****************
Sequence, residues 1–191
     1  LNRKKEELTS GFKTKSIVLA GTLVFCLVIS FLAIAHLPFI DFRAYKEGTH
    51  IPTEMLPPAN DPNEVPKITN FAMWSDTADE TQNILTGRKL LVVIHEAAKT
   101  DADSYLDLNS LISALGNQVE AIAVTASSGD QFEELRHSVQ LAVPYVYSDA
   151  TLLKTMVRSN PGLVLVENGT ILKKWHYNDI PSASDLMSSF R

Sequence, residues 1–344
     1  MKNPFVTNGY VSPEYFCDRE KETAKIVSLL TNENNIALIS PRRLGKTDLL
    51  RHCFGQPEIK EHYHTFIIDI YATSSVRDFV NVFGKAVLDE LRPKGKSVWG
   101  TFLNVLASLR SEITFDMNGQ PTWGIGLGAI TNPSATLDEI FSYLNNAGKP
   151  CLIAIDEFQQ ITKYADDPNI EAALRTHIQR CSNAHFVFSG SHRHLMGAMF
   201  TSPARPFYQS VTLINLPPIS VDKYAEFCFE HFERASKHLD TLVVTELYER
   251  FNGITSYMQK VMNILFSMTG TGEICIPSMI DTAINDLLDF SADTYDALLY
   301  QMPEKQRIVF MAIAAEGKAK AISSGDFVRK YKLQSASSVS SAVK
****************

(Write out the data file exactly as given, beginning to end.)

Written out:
Sequence, residues 1–191
     1  LNRKKEELTS GFKTKSIVLA GTLVFCLVIS FLAIAHLPFI DFRAYKEGTH
    51  IPTEMLPPAN DPNEVPKITN FAMWSDTADE TQNILTGRKL LVVIHEAAKT
   101  DADSYLDLNS LISALGNQVE AIAVTASSGD QFEELRHSVQ LAVPYVYSDA
   151  TLLKTMVRSN PGLVLVENGT ILKKWHYNDI PSASDLMSSF R

Sequence, residues 1–344
     1  MKNPFVTNGY VSPEYFCDRE KETAKIVSLL TNENNIALIS PRRLGKTDLL
    51  RHCFGQPEIK EHYHTFIIDI YATSSVRDFV NVFGKAVLDE LRPKGKSVWG
   101  TFLNVLASLR SEITFDMNGQ PTWGIGLGAI TNPSATLDEI FSYLNNAGKP
   151  CLIAIDEFQQ ITKYADDPNI EAALRTHIQR CSNAHFVFSG SHRHLMGAMF
   201  TSPARPFYQS VTLINLPPIS VDKYAEFCFE HFERASKHLD TLVVTELYER
   251  FNGITSYMQK VMNILFSMTG TGEICIPSMI DTAINDLLDF SADTYDALLY
   301  QMPEKQRIVF MAIAAEGKAK AISSGDFVRK YKLQSASSVS SAVK